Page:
EU investment restrictions and tough regulations are only a matter of time.
It is not often that hedge fund managers find themselves hailing a Labour Prime Minister as their saviour, but that’s what happened earlier this month when Gordon Brown’s personal intervention delayed discussion of EU legislation that could drastically alter the funds landscape.
The storm cloud on the horizon for fund managers and their plethora of legal advisers is the Alternative Investment Fund Managers (AIFM) directive, an issue that is causing its fair share of alarm in the City.
“It’s very frightening and has crept up on us,” says Bridget Barker, head of investment funds and financial services at Macfarlanes. “Everybody knows there’ll be a directive in some form and it’ll be one they’re not very happy with, so it’s a question of making the best of it.”
The consensus, as Barker acknowledges, is that Brown’s lobbying to get discussion of AIFM removed from the agenda at a recent meeting of EU finance ministers represents little more than a stay of execution until after the impending general election.
So what might the directive involve and what will the consequences be? Part of the problem is that no one yet knows how far-reaching any regulation will be. The directive needs to be passed by a qualified majority at the European Council, with 90 votes sufficient to block it. With the number currently hovering around that mark and the Spanish presidency keen to get an agreement in place before the end of June, it opens the way to some high-level horsetrading.
“This process has been so unpredictable until now and it continues to be,” says SJ Berwin private equity partner Simon Witney. “It looked like it was going to come out badly [for the funds industry] until Gordon Brown stepped in.”
Witney himself has a particular role to play in the negotiations as a member of the European Venture Capital Association’s (EVCA) technical group, which is lobbying for a lighter regulatory touch. The group also includes SJ Berwin regulatory partner Tamasin Little and Travers Smith financial services head Margaret Chamberlain.
The issues surround restrictions on investment by EU investors into non-EU funds. The concern for fund managers is that draconian regulatory rules could create the possibility of a two-tier system whereby funds operate separate European and non-European entities. This possibility increased last week when a senator suggested that the US could retaliate with similar regulations of its own.
The fear for many is that Europe could be left behind as the lure of being based in London or Frankfurt diminishes.
Witney continues: “For European-based investors, restricting access to non-EU funds would be a devastating blow. The directive could also reduce the attractiveness of European financial centres for international funds and give competing jurisdictions a boost.”
Last week, Simmons & Simmons reflected some of the nervousness in the market as it revealed that it was looking at setting up in Ireland because of the possibility of hedge funds being forced to move offshore.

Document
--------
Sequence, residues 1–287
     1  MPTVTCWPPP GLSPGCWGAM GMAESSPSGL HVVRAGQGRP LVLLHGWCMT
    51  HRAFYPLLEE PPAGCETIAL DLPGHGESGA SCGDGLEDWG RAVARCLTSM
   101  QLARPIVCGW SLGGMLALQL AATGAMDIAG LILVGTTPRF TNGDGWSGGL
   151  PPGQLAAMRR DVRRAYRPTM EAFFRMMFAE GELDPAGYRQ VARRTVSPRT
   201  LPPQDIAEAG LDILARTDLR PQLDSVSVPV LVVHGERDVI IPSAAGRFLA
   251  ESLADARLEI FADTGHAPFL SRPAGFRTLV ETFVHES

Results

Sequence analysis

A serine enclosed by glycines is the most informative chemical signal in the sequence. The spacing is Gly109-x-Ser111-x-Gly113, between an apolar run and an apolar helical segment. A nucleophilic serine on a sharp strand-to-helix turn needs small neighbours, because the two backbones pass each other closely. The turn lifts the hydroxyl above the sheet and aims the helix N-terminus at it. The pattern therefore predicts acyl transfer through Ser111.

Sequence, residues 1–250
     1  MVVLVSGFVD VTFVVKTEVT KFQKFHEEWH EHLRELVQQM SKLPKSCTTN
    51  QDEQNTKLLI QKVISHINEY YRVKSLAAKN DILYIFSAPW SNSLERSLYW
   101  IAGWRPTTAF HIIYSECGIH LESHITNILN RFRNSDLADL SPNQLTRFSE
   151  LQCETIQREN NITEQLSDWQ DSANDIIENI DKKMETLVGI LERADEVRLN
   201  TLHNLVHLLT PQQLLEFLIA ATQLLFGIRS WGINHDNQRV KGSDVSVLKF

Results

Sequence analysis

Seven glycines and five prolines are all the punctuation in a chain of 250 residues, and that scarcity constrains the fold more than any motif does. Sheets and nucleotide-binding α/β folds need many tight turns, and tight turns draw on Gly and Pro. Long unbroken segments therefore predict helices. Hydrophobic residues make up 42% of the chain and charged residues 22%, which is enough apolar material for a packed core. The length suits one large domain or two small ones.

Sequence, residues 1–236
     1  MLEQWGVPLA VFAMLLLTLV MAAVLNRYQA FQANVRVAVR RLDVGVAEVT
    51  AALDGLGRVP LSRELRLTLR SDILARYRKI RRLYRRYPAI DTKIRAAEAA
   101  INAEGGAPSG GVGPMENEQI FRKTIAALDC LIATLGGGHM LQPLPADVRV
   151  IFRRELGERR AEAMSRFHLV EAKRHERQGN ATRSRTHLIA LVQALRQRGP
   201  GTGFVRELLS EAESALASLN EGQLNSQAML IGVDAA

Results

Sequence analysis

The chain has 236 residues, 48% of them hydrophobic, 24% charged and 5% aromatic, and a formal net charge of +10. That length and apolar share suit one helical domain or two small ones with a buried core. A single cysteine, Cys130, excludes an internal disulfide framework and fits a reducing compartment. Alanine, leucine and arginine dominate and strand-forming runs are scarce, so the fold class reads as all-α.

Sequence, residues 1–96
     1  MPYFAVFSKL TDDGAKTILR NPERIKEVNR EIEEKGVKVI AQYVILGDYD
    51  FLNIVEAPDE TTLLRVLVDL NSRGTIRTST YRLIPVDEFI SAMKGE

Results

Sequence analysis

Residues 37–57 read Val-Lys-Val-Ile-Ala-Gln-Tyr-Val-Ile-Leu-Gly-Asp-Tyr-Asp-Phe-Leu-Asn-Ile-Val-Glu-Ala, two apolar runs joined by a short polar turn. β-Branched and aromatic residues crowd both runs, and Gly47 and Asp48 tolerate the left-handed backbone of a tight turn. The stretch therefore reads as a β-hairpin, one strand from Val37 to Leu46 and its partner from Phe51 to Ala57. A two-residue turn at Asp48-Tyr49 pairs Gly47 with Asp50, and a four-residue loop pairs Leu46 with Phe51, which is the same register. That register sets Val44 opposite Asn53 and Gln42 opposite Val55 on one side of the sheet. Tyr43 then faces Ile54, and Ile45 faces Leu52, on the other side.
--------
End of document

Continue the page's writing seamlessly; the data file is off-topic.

“It [the directive] is very much like creating a kind of ’Fortress Europe’,” explains Barker. “Lots of hedge fund managers will be looking at setting up in Switzerland. The 50 per cent tax won’t help either.”
So with major private equity and hedge fund clients potentially upping sticks for friendlier regulatory climes, might some of the City’s big funds practices also be in trouble?
“Actually the reverse may be true,” says one private equity partner. “Some [funds] will leave the EU, but there’ll be a lot of legal work for those that are left. The only people who might benefit out of this could be lawyers.”
With a potential avalanche of regulatory work coming their way in the lead up to any directive finally being implemented in 2012, it’s fair to say that some firms might find themselves busy as clients learn to adjust.
“The more rules there are, there’s often more work for lawyers,” agrees one regulatory partner. “But that’s only as long as the rules don’t kill the thing they’re supposed to regulate.
“It [AIFM] does create some opportunities for law firms but the benefits could be tiny compared with the downside. There’ll be people who’re having second thoughts about [operating in] the UK and EU.”
In some ways, the imposition of the directive is the latest in a series of what many see as politically motivated attacks on the alternative funds market.
One funds partner sums up the mood: “I’ve got clients setting up in Switzerland who would’ve been London-based five years ago. The environment’s changed.”
And it is the lack of sophistication to the regulation that is frustrating some of those lobbying for more lenient rules.
“There’s definitely a ’one size fits all’ reasoning to it,” continues the funds partner. “The political motivation is to target hedge funds and private equity together, but there’s not such a simple definition so it means lots of other funds have been caught up too. Do they really want to restrict venture capital or real estate funds too?”
However, for others the creation of ’passports’ allowing funds to market themselves in the EU if they fulfil a set of requirements opens up the possibility of a whole new set of clients operating alongside the existing ones.
“The London market might lose out as managers say they may as well be in New York or Hong Kong,” explains another City private equity partner, “but there’ll be additional funds set up. My feeling is that it means more, not less, work.”